It was satisfying to see our CRT test rig showing Lissajous curves. [Emily] and I both contributed components for this cobbled-together contraption, drawing from our respective bins of parts. While the curves have their own beauty, there were also good technical reasons why it makes such a great learning project for working with salvaged cathode ray tubes. Mainly for things we don’t have to do:
Focus: We weren’t able to focus our beam in our first work session. We couldn’t count on sharp focus so we appreciate that Lissajous curves still look good when blurry. Thankfully, we did manage better focus for better pictures, but it was not required.
Modulation: To create a raster image, we must have control over beam brightness as we scan the screen. Even if doing arcade vector graphics, we need to be able to turn the beam off when moving from one shape to another. In contrast Lissajous curves are happy with an always-on dot of constant brightness.
Deflection: To create a raster image, we’d need a high level of control over the tube’s deflection coils. We’d need to create a constant horizontal sweep across the screen, as well as scanning vertically. HSYNC, VSYNC, all that good stuff. In contrast driving deflection coils for Lissajous curves require far gentler and smoother coil changes.
Geometry: Unlike modern flat panel displays, CRT can have geometry distortions: pincushion, trapezoidal, tilt, they’re all annoying to adjust and correct in order to deliver a good raster image. Fortunately, a Lissajous curve suffering from geometry distortions still look pretty good and allow us to ignore the issue for the time being.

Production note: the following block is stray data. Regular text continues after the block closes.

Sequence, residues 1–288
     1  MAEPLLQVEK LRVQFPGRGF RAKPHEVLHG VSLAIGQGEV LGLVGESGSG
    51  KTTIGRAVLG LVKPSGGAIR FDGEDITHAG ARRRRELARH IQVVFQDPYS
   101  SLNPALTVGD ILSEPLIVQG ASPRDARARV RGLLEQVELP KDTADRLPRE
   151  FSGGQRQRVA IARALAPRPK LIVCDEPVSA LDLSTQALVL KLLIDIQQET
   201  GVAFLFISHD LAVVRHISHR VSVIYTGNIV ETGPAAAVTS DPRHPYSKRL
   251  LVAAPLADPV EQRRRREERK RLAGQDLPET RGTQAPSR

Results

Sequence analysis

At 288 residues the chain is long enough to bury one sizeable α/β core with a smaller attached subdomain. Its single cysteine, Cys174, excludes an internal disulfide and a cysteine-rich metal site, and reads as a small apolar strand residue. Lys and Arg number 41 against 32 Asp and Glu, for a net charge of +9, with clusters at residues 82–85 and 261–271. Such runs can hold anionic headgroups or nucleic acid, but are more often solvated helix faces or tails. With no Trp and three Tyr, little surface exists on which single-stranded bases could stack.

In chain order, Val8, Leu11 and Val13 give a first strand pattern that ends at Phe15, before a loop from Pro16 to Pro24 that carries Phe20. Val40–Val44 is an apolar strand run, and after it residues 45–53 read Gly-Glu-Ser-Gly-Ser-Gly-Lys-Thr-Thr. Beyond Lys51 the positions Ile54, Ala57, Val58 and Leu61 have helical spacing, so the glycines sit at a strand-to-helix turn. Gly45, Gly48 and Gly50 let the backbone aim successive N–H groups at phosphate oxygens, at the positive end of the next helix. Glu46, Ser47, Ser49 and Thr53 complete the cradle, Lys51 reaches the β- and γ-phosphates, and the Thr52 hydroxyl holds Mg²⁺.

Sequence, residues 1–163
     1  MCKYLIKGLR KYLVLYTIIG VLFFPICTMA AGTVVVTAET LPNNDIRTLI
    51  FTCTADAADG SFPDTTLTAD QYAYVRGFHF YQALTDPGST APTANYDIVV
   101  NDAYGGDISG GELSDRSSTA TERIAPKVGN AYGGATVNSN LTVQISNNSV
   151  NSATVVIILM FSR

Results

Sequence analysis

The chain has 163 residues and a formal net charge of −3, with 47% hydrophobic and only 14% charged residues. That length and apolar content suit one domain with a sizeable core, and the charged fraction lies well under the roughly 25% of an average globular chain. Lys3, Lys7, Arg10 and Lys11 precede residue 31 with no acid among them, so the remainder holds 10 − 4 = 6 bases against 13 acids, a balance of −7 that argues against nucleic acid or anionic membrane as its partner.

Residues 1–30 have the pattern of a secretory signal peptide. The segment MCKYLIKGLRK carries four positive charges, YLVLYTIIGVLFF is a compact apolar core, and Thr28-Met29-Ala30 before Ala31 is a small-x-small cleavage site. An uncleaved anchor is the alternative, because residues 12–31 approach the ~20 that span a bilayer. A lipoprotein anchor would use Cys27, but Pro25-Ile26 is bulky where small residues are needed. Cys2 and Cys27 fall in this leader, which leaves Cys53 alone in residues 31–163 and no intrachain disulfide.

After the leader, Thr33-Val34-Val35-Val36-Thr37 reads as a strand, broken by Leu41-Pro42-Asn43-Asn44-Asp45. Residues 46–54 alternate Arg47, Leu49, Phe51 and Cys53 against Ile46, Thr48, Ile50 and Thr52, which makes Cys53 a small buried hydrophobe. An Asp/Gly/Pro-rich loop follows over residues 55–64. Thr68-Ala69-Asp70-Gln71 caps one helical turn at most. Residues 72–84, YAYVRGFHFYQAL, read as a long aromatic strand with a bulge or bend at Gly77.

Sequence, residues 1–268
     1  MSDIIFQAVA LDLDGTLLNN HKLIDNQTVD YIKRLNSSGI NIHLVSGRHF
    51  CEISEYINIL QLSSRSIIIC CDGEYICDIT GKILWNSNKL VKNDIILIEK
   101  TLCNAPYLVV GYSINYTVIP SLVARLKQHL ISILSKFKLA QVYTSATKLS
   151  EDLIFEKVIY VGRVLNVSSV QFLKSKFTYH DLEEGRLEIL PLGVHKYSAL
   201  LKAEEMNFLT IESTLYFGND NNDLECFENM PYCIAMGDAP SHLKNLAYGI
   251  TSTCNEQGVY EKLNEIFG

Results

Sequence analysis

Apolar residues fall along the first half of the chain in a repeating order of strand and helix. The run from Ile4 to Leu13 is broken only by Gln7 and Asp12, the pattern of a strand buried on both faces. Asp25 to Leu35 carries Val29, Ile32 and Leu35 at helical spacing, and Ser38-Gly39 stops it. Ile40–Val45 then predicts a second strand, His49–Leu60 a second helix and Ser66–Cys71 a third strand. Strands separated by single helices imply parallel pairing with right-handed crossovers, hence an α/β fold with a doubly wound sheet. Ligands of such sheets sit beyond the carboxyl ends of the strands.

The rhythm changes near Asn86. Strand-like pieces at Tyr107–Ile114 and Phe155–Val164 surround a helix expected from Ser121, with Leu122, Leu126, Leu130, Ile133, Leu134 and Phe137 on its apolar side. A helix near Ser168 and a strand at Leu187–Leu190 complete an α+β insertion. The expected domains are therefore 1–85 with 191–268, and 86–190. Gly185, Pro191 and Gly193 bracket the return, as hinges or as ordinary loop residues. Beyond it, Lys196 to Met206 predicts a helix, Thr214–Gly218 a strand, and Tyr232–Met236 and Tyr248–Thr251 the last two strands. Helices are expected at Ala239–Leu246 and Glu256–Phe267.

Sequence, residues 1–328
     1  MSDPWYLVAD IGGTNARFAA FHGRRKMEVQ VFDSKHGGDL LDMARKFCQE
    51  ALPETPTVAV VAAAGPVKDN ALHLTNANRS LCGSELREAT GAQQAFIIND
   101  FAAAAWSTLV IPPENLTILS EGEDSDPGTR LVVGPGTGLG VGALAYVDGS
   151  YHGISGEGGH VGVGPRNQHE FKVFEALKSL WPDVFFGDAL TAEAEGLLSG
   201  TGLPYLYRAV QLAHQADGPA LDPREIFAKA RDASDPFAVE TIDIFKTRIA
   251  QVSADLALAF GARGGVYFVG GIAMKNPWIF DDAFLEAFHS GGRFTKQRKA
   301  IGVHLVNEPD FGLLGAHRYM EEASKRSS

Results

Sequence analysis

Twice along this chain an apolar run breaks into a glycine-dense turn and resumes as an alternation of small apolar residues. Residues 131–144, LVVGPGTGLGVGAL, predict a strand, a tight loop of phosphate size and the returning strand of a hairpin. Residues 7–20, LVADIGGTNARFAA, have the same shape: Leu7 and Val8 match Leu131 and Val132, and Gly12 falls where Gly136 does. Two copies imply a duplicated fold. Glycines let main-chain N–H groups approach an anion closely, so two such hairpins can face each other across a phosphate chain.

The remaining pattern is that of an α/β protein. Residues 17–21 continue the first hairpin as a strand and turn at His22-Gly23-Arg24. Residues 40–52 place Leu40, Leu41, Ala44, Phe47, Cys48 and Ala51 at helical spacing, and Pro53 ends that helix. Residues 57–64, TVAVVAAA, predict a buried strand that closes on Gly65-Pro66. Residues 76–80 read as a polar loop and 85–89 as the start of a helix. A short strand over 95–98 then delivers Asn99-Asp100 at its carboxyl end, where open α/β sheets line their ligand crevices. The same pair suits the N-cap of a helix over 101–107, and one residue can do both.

There is a long way to go before we know enough to drive these tubes at their maximum potential. For one thing, it is running at a tiny fraction of its maximum brightness level. The tube’s previous life in a rear projection television was a hard one, visible in the above picture as a burned-in trapezoid on its phosphor layer. Driven hard enough to require liquid cooling, it would be so bright to be painful to look at and that’s when the beam is scanning across the entire screen. A Lissajous curve covers only a small fraction of that screen area. Concentrating a full-power beam in such a small area would raise concerns of phosphor damage. As pretty as Lissajous curves are, I don’t want them permanently burned into the phosphor. But we don’t have to worry about it until we get beam power figured out.